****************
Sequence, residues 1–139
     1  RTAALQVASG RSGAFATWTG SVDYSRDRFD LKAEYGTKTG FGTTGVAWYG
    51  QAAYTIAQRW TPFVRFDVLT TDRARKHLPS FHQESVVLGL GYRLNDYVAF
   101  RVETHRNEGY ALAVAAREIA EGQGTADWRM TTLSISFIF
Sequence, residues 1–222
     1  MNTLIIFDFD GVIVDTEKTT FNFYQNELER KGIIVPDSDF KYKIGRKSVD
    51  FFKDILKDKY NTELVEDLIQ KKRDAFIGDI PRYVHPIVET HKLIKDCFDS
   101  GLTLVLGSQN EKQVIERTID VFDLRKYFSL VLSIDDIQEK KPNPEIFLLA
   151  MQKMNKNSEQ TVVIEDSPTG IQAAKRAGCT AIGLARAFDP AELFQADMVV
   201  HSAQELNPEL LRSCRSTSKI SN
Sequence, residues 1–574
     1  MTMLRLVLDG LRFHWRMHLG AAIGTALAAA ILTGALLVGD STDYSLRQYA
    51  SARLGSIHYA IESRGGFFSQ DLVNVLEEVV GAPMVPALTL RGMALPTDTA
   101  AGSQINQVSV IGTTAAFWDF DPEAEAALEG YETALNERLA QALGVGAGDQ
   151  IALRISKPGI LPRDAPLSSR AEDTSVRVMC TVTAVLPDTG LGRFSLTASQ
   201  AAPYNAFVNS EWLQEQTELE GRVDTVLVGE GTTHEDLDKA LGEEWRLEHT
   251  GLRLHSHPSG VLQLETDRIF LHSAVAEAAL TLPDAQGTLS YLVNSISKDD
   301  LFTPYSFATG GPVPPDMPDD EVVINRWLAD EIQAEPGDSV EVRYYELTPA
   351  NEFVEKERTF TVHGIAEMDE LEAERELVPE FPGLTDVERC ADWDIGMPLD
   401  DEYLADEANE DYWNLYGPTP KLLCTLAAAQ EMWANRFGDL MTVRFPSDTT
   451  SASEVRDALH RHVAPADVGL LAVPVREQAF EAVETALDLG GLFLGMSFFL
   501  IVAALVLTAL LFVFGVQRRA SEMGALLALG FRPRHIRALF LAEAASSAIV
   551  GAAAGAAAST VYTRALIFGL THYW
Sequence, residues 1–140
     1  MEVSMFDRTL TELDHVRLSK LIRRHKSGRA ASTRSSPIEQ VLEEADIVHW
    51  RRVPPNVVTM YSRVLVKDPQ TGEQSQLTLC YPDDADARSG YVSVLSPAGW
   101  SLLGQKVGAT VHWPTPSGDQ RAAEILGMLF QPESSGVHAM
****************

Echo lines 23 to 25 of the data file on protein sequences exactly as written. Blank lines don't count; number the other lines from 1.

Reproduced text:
   551  GAAAGAAAST VYTRALIFGL THYW
Sequence, residues 1–140
     1  MEVSMFDRTL TELDHVRLSK LIRRHKSGRA ASTRSSPIEQ VLEEADIVHW